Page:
New material and mass production process from Stanford engineer could enable foldable touchscreens, electronic clothing and, one day, synthetic skin.
Rachael Flatt competed in the 2010 Winter Olympics. Now the former skater works on eating disorders prevention and intervention in a Stanford Medicine lab.
In this essay, medical student Natasha Abadilla reflects on the walls that medical trainees put up between themselves and their patients.
Stanford's Russ Altman discussed the pharmgkb.org database — which matches genomes with medication information — at the recent Beckman Symposium on campus.
This Stanford Medicine study clarifies the underlying biology of high-grade serous ovarian cancer and could help lead to future therapies.
Stanford pain expert Beth Darnall discusses her clinical trials on methods to taper opioid doses for patients with chronic pain.
A comparison of diets for weight loss for those with different levels of insulin and metabolic genes did not find a clear winner.
A team of former Stanford Biodesign students developed a device to protect and stabilize umbilical cord catheters in newborn babies.
Even adults who are not considered "high-risk" should be tested to reduce deaths and improve cure rates, new Stanford Health Policy research suggests.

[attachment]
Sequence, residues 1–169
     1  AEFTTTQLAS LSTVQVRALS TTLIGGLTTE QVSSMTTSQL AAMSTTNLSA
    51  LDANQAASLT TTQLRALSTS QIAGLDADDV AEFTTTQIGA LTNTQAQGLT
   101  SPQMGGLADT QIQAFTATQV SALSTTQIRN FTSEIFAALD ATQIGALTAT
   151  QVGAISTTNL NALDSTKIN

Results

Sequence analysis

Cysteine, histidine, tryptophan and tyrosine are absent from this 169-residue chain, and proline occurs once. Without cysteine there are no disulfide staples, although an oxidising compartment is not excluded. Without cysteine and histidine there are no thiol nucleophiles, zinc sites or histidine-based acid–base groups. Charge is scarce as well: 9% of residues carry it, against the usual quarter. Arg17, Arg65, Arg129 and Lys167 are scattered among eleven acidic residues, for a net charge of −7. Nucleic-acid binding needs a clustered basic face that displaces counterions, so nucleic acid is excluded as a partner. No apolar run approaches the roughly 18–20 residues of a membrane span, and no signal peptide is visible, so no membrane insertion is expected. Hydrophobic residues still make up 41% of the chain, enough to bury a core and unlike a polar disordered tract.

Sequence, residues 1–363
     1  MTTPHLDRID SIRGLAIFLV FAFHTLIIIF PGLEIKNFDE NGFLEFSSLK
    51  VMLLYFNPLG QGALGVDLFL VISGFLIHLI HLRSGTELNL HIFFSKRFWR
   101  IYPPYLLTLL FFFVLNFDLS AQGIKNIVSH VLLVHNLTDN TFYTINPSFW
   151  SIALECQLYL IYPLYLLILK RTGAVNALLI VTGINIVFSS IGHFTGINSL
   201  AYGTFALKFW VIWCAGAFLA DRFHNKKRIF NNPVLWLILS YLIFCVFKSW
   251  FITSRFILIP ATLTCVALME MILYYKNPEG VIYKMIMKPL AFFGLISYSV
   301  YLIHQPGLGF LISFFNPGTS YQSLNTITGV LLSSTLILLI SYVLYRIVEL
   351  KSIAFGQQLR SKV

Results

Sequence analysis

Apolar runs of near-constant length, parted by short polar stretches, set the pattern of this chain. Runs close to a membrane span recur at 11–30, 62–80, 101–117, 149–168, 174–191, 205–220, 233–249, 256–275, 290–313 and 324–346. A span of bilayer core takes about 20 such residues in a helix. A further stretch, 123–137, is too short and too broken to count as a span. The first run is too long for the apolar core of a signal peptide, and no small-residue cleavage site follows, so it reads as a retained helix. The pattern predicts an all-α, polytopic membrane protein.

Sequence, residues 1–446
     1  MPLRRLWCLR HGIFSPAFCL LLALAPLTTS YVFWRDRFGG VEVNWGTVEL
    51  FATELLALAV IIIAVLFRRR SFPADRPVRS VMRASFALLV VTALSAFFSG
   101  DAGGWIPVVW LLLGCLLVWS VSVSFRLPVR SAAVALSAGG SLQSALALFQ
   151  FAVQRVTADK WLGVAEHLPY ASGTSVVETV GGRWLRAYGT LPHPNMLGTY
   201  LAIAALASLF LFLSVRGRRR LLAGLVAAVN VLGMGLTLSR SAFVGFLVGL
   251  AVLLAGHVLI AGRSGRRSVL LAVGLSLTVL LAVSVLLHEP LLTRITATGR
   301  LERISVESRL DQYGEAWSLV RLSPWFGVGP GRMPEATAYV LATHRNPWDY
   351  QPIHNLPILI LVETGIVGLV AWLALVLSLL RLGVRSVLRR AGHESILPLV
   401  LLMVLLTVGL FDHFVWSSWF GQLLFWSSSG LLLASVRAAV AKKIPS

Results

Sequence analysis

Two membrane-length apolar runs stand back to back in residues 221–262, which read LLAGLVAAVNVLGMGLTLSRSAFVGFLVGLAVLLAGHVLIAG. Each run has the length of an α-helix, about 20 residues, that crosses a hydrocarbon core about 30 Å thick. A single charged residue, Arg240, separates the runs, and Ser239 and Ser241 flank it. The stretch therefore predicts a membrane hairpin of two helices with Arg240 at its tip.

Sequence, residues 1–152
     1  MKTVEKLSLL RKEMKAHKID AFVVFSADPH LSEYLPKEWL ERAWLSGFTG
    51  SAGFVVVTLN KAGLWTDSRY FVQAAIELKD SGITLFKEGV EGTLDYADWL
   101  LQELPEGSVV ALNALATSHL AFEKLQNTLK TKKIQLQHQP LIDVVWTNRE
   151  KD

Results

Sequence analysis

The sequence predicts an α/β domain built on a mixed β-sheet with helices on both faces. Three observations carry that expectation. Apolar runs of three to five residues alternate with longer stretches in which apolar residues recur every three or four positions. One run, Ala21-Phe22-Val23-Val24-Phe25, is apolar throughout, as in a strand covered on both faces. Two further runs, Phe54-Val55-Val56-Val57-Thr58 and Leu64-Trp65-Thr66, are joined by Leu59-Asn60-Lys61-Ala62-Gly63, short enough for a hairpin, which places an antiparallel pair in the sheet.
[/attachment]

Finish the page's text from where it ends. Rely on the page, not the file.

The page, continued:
Researchers have assumed that "synonymous" mutations don't matter. Now it looks like they're among the most important for creating species diversity.
Abdominal aortic aneurysms may be caused by the overexpression of a "don't eat me" protein that blocks the disposal of dead and dying cells.
Douglas Lowy, deputy director of the National Cancer Institute, recently spoke at Stanford Medicine.
Several severely depressed patients were helped by a new, experimental form of transcranial magnetic stimulation developed by Stanford Medicine researchers.
During a stop at Stanford, Renee Fleming shared her thoughts on the intersection of music and medicine.
Theirs was a rare partnership, a poignant love story of recovery and renewal. The "dream team" lasted 25 years. And then it was time to say goodbye.
A look at the lab and work of Brian Kobilka, who won the 2012 Nobel Prize in Chemistry.